When I came to live in Australia, nearly thirty-seven years ago, hardly anyone outside of the country knew where it was. It was funny and sad at the same time. When the Olympics was held shortly after we were married I can remember reporters asking people if they knew where Australia was. Some were honest and shrugged and said ‘no’. Some said ‘yes’ and then identified it as the country, Austria, somewhere in Europe. Now we are known far and wide for the tragedy unfolding on our shores. I wasn’t going to keep writing about it, but several people have said to me that it has helped them to read some non-news words.

I have re-written this post three or four times now. The situation changes daily, both locally and nationally. It is like nothing any of us have experienced before.

10 January, clearest skies for a couple of weeks

Every morning I do a ‘mountain check’. One look and I see the air quality. That seems ridiculous to do since we are 1500 to 2000 miles away from where most of the fires are burning. But it is not just the fires, it is the drought, aided by the winds, that we are experiencing. We have some fires here, too, but because we don’t have the fuel load and because our area is not densely populated, it is a different situation. Can I see the mountain clearly or is the layer of haze still veiling it from view? Let’s just say our clear days have been so few in recent months that I’ve actually photographed the couple that we’ve had. Yesterday was one. Usually it is crystal clear blue sky here, day after day.  Two or three evenings ago, the dust and smoke haze was so thick I couldn’t tell if the sun had set or not. The smell of smoke is alarming and we are all on edge. This kind of persistent haze has never happened in the 28 years we have lived here.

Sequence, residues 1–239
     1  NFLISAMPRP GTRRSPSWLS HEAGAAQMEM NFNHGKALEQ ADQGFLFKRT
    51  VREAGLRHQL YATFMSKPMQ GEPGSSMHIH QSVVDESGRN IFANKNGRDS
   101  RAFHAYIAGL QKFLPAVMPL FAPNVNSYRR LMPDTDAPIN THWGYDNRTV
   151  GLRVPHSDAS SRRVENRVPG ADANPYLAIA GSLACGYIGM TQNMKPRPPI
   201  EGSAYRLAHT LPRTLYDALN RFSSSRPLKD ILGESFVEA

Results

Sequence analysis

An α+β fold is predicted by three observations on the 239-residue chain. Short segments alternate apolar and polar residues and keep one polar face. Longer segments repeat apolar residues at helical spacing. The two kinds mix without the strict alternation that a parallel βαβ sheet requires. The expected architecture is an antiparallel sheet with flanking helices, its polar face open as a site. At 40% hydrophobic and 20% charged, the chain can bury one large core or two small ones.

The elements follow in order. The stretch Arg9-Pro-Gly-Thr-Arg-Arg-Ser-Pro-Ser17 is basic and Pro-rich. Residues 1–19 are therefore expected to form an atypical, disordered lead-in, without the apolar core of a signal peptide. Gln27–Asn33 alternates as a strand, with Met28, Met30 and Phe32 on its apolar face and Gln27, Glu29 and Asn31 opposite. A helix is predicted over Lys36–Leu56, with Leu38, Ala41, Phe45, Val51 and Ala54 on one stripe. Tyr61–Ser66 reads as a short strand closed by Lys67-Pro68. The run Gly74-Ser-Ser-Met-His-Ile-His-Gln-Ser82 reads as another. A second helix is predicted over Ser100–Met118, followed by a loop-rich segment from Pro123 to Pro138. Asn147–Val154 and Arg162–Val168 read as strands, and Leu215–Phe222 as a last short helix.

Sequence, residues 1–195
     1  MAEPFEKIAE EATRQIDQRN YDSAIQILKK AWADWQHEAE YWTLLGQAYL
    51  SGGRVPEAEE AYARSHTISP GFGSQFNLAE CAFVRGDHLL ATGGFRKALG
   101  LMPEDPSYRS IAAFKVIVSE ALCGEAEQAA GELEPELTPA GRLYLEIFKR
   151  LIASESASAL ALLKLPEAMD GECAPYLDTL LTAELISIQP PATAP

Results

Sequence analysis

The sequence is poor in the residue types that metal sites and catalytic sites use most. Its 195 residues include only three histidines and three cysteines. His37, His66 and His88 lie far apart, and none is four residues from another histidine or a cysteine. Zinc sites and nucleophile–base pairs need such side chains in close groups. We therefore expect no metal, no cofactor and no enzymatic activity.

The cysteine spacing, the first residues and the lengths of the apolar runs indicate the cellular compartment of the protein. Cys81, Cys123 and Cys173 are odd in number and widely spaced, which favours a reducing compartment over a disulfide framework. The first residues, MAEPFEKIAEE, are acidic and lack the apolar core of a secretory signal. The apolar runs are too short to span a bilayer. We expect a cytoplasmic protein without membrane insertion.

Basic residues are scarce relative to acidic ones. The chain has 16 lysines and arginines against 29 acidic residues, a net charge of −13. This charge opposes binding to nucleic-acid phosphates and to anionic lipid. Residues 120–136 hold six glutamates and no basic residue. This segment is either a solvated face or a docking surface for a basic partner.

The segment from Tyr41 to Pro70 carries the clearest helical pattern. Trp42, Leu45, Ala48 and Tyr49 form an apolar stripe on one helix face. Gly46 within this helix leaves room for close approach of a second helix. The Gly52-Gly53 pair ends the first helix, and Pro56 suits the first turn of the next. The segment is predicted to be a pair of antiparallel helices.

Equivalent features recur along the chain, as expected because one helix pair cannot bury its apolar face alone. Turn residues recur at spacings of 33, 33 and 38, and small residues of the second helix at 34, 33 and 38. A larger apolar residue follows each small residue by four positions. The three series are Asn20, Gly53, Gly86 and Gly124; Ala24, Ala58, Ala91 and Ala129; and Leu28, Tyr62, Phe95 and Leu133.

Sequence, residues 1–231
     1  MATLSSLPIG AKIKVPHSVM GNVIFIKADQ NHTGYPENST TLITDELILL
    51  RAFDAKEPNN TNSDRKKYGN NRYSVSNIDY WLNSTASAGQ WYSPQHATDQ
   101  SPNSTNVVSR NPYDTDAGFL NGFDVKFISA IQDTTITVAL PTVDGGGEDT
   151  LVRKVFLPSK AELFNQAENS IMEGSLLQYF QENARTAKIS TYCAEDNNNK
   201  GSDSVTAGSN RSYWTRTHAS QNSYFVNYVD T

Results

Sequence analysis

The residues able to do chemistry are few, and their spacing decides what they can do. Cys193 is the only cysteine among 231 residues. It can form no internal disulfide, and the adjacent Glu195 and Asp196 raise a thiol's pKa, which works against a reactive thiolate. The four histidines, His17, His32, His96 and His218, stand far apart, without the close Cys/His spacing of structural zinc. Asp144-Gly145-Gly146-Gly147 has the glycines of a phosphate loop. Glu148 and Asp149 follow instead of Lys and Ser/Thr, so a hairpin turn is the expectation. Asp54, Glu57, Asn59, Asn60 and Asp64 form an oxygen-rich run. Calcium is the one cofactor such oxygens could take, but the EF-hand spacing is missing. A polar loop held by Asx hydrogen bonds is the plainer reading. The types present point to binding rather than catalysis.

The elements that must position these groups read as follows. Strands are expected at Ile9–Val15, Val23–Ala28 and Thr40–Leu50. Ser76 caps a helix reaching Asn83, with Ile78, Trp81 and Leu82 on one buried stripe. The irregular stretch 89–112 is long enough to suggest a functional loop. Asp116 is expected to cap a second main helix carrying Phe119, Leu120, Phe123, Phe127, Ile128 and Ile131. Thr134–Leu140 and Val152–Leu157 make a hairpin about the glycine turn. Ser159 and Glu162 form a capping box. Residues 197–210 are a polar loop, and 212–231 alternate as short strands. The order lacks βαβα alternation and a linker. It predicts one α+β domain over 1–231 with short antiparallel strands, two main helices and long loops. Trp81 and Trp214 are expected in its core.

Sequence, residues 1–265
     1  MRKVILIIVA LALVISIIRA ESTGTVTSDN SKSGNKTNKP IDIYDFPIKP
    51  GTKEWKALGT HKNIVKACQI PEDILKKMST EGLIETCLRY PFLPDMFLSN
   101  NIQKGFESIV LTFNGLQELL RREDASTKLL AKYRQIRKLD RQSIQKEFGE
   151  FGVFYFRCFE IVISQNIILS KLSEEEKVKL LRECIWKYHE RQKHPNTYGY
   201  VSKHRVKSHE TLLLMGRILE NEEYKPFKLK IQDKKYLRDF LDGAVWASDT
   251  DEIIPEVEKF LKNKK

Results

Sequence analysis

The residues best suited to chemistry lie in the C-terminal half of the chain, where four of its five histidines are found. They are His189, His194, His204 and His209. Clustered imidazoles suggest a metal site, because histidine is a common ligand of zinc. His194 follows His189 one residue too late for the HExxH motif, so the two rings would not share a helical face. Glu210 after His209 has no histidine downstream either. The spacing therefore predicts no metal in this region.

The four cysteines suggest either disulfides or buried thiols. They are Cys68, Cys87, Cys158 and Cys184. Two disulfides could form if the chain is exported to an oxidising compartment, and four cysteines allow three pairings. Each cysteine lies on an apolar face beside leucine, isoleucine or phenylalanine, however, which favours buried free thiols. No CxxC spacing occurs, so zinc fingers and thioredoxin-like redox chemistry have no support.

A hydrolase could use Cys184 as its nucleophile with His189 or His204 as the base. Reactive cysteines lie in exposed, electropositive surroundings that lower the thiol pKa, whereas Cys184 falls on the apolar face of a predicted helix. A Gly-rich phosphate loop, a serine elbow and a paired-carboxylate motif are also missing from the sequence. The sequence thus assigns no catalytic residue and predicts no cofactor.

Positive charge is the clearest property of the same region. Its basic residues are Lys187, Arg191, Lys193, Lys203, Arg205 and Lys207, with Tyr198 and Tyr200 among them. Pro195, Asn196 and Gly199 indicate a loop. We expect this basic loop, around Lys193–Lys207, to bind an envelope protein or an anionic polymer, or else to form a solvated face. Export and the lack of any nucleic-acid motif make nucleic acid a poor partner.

Many of us are so broken hearted watching the devastation to the land and inhabitants that we love, we have a form of traumatic stress. Psychologists are telling us this is normal, because the circumstances are not. People feel helpless and because most of us are kind and compassionate, we want to stop the pain we see others experiencing. One manifestation of this has been the outpouring of food and clothing and household items donated to the victims. Sadly, this has created another crisis. The inescapable reality is that most of the victims have no place to keep anything. They have lost their homes, cars, sheds…everything. They can only use what they can keep with them in rescue accommodation, and what they can eat without refrigeration. There is still no power in many places.

The agencies helping people are urging us to give money. Someone said to me it seems soulless to offer money, but in this case it is the most useful thing those of us at distance can do. If you are inclined to give money, Donations to New South Wales Rural Fire ServiceVictoria’s Country Fire Authority and South Australia’s Country Fire Service will go towards bushfire efforts. Do not donate to anything that sounds unfamiliar because the scammers are already at work. I’m thinking there is a special place inside a firestorm for scammers, thieves and arsonists, all three of which we are seeing, thankfully only as a small minority. If you are wanting to give money to help animals, Wires and Birdlife Australia are reputable organisations, as well as the ones in this previous post

I ride a daily swell of emotion, occasionally am broken, and then regenerate. A recent occasion was a video taken on Kangaroo Island. More than a third of the island has already been decimated by fire, and the wildlife with it. Today, as I write, the fires have flared and worsened and more homes, animals and habitat have been lost. The people in the largest town were trapped and had moved to the shoreline near the water to wait out the latest fires. The video clip to which I refer was shot by a resident in the previously burned out areas as they hunted to find surviving koalas. A scan of the inside of their car revealed at least five koalas, huddled in and on top of the seats. It was a punch in the guts to see the stunned look on the poor creatures’ faces, traumatised but quietly, awaiting help. I’ve seen many photos and videos of firefighters and others giving them drinks from their water bottles, the koalas gently and eagerly accepting the help. The extreme importance of this colony of koalas is that they were a healthy, breeding population. Chlamydia has infected the koala population on the mainland for years. Experts have tried to manage it but in some areas it has effected 100% of the population.